Verbs: Non-finite Forms

Subject: English

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Overview

This note explains about the non-finite forms of verb.

Verbs: Non-finite Forms

Finite Verb:

A verb that is limited by the person and number of the subject is called a finite verb. For an example:

He goes to the school to study.

They go to the school to study.

Non-finite:

A verb not limited by a person and number is called a non-finite verb.

There are three groups of non-finite:

  1. The infinitive:

    to steal, to forget, to write(present infinitive)

    to have stolen, to have forgotten (past infinitive)
  2. The participle

    stealing, forgetting, writing (present participle)

    stolen, forgotten, written (past participle)

  3. The gerund:

    Stealing, forgetting, writing

The infinitive

The infinitive is also referred to as the to-verb. But it can be used with or without to:

  1. I want to play. (to infinitive)
  2. She can play chess very well. ( the infinitive without to)

When an infinitive is used without to, it is called a bare infinitive.

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The participle

A word which is like a verb but performs the work of an adjective is called a participle. We may say that a participle is a verbal adjective.

In the sentences below, the words printed in bold letters are also participles:

The broken windows had to be replaced.

The injured man was taken to the hospital.

There are two kinds of participles:

  1. The present participle: burning, watching

    (a) The present participle is formed by adding -ing to the root form of the verb.

    (b) The present participle describes an incomplete action or state: The burning house ( the process of burning continued)

    (c) The present participle is active in form: The waiting guests (the guest were waiting- active)

  2. The past participle: broken, injured

    (a) The past participle usually ends in -ed, -d, -t, -en or -n.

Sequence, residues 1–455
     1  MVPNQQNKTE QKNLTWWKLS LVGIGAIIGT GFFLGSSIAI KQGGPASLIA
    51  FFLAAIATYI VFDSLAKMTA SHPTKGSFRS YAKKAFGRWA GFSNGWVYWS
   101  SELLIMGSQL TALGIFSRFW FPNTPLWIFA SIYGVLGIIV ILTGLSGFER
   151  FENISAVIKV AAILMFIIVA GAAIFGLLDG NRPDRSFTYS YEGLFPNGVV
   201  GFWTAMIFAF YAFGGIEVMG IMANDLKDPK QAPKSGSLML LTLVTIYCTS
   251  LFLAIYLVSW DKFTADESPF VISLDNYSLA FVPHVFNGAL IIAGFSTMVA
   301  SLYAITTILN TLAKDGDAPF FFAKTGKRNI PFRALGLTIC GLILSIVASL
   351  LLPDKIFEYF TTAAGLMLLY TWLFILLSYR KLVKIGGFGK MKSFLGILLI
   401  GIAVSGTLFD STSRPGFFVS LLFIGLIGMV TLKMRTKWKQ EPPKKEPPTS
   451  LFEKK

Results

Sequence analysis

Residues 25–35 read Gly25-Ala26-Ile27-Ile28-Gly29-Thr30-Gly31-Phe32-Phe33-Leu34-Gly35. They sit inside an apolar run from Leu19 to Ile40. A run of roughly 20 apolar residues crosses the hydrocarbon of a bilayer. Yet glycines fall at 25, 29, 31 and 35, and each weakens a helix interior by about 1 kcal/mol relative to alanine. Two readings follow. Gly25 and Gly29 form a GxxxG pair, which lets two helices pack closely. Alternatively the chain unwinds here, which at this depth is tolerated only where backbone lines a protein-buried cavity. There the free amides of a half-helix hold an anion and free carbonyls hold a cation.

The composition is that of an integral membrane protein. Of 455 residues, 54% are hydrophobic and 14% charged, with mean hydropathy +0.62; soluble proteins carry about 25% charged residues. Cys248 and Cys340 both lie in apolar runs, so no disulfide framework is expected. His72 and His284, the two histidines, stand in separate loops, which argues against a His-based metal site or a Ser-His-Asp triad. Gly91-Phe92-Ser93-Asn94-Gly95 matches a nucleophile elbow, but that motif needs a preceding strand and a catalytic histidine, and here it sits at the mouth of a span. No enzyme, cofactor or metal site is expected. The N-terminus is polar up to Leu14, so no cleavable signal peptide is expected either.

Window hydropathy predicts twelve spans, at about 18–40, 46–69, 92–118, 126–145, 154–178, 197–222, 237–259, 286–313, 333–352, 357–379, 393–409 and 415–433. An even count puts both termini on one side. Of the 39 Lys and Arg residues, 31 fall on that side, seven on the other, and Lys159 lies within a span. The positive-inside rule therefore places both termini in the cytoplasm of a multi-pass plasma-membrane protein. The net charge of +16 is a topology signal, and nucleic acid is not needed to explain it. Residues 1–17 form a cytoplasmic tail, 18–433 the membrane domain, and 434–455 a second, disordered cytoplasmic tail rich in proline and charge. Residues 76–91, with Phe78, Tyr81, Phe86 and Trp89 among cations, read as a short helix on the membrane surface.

(b) The past participle denotes an action or state which is completed: The broken window (The process of getting broken is completed.)

    (c) If the past participle is formed from a transitive verb, it is passive in form: The injured man (the man is injured- passive)

The gerund

A word which is like a verb but performs the work of a noun is called a gerund. We may say that a gerund is a verbal noun.For an example:

Dancing is good for health.

Collecting stamps is her hobby.

The gerund and the present participle

Both the gerund and the present participle are formed by adding -ing to the verb. How are they then different from each other?

A gerund is a verbal noun: I am tired of your grumbling.

A present participle is a verbal adjective: Grumbling children are not liked.

 

 

 

 

 

 

 

 

 

 

 

 

Things to remember

Verbs: Non-finite Forms

  • Finite Verb

 

  • Non-finite

The infinitive

The participle

The gerund

 

 

  • It includes every relationship which established among the people.
  • There can be more than one community in a society. Community smaller than society.
  • It is a network of social relationships which cannot see or touched.
  • common interests and common objectives are not necessary for society.

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